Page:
Ask me what my favourite seafood restaurant with fine dining in Sydney is and my answer would definitely be Pier Restaurant at Rose Bay. I first visited here as a poverty stricken university student when a single meal here could have easily paid for over a week’s worth of university cafeteria sandwiches. Many years on, I still remember the meal I had there. So when a high school friend announced a quick visit to Sydney and Pier pipped as the place for our catch up, I didn’t have a moment’s hesitation in saying yes at the chance to re-visit.
Over the years since my original visit, the restaurant has consistently won a bundle of awards including the several lucrative Three Chef’s Hats year on year. Definitely proof of the restaurant’s impeccable consistency and ongoing dedication towards serving the best seafood around. The seafood was the freshest I’d ever tasted when I originally went, and it’s certainly the same case the second time round.
Food aside, Pier is aptly named for the pier it sits on located sticking out into the waters of Rose Bay. No matter where you sit in the restaurant, you’re guaranteed a view of Rose Bay – that is, unless you have a late booking like we did, then you’ll just end up with a front and centre view of the pitch black night. :) The interior is primarily monotone with bursts of blue here and there as a homage to the bright blue boathouse the restaurant resides and to draw in the colour of water surrounding. Service as expected is white gloved silver service all the way.
I really liked the Robert Welch cutlery here, very modern yet elegant at the same time.
Cone of King Salmon Tartare
A little amuse-bouche to start off our meal. The raw salmon cubes were served in a mixture with roe, shallots, onion and capers for just that little bit of zing while the cone it was served in was super crisp and broke off with each bite with a distinct crunch.
Carpaccio of Coral Trout
Served with a tangy and refreshing tomato and lime water vinaigrette and a dash of olive oil, the thinly sliced pieces of john dory were barely visible on the dish. Only when you took a closer look were you able to see the pieces of fish sneakily camouflaged with the white of the plate it was served on. Having only eaten john dory cooked, I was nicely surprised by how delicate the meat was.
Tian of Spanner Crab
Served with a scallop ceviche, pea salad and pea jus, the sweet meat of the spanner crab was lightly seasoned with black pepper and contrasted with the sharp lemon marinated scallop ceviche. The pea jus was a vibrant bright green and the flavour nicely brought out the taste of the pea salad.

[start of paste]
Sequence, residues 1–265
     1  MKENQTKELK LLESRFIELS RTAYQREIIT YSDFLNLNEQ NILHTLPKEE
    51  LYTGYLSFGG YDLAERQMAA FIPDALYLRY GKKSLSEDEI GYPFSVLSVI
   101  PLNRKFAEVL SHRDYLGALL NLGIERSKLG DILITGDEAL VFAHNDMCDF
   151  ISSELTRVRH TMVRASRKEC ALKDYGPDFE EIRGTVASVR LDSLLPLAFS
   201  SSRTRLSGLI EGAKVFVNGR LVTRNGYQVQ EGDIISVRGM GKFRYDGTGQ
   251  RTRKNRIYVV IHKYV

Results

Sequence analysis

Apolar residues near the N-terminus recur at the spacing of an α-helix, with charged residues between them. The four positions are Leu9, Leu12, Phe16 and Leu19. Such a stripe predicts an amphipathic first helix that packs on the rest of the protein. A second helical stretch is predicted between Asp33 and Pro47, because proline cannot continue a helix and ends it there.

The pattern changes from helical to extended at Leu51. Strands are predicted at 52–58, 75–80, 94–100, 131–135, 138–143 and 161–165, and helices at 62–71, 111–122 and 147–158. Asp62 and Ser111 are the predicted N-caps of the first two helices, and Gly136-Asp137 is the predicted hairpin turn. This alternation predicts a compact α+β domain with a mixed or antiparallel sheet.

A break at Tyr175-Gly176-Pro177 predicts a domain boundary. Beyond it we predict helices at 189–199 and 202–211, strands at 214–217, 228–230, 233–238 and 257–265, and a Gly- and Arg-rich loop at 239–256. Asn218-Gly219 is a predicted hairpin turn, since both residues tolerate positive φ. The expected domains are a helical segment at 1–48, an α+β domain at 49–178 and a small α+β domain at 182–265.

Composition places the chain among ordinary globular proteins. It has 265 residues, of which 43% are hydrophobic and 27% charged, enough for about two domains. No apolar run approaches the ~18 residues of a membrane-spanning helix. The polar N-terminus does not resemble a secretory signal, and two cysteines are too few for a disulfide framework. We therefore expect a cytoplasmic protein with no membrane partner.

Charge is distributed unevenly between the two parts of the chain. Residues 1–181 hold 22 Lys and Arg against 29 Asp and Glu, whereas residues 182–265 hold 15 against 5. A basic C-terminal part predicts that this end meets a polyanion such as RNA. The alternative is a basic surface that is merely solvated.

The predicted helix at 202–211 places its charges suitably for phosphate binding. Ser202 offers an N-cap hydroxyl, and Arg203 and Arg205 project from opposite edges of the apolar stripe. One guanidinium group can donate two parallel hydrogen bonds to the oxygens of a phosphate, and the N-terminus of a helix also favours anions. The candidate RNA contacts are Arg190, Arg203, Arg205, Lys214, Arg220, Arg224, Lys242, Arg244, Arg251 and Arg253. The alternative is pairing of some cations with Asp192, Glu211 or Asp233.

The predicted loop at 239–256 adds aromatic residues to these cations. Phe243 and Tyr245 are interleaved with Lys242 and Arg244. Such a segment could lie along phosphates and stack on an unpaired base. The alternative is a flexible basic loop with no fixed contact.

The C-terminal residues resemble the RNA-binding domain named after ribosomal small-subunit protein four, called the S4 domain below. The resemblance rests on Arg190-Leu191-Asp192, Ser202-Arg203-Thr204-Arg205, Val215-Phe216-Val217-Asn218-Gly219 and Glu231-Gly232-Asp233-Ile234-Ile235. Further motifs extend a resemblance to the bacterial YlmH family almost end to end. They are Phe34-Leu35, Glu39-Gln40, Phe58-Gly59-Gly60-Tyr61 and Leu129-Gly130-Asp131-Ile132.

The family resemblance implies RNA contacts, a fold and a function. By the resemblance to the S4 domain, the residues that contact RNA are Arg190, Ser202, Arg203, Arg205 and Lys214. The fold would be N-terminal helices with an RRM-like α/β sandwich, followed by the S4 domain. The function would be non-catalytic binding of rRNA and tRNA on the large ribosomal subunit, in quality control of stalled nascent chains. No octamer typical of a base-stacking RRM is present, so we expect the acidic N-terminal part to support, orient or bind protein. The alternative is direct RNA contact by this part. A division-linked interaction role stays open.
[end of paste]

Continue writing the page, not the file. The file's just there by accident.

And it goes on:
Cauliflower Tofu & Lobster ‘Agedashi’
Pier’s play on the traditional Japanese agedashi tofu dish was something completely different. The lobster broth was rich and brought out the flavour of the seared scallop. The cauliflower tofu was a little softer compared to a traditional piece of tofu, but a nice substitute nonetheless. The richness of the poached foie gras topped it all of nicely.
Crispy Skinned Murray Cod
Cooked to perfection as can be expected. The skin of the fish was thin and crisp while the juiciness of the meat was retained. The bitter orange sauce contrasted nicely with the sweetness of the caramelised witlof while the addition of the Serrano ham (very similar to prosciutto) gave it a nice salty and meaty edge.
With the winner of 2007′s Chef of the Year awarded by the SMH Good Food Guide in the form of Katrina Kanetani at the helm of the dessert portion of our meal, we were sure to be amazed when the dessert courses came around. Needless to say, we were not disappointed. The carrot sponge that came first was unlike anything I’d had before. Shaped into a sphere, the sponge was extremely bouncy, light and fluffy and had a very subtle carrot flavour to it. The highlight of this was definitely the ginger sherbet – the chef’s favourite according to our waitress.
Something new that I’d never come across before, the chiboust, as I later found out, is a custard made of pastry cream lightened with a meringue mixture and then stabilised with gelatin. The taste of the buttermilk was subtle when compared to the rich sweetness of the raspberry sorbet and the peach-pepper sherbet.
The original dish in the 8 course degustation menu was a Texture of Goats Cheese served with apple and celery, however since none of us were big fans of goats cheese, we requested a different dessert to substitute and were nicely surprised that we were offered a raspberry souffle instead. It was like swapping a fake crystal with a diamond in our eyes! :)
Served with a side of chantilly cream, the souffle was brought out and the raspberry sauce poured into the souffle table-side. The sauce was extremely sweet and the souffle was soft and fluffy, however in my opinion, having it right at the end of a long meal meant it was a touch eggy and rich for my liking.
594 New South Head Road, Rose Bay, Sydney, Australia
P: 612 9327 6561 F: 612 9363 0927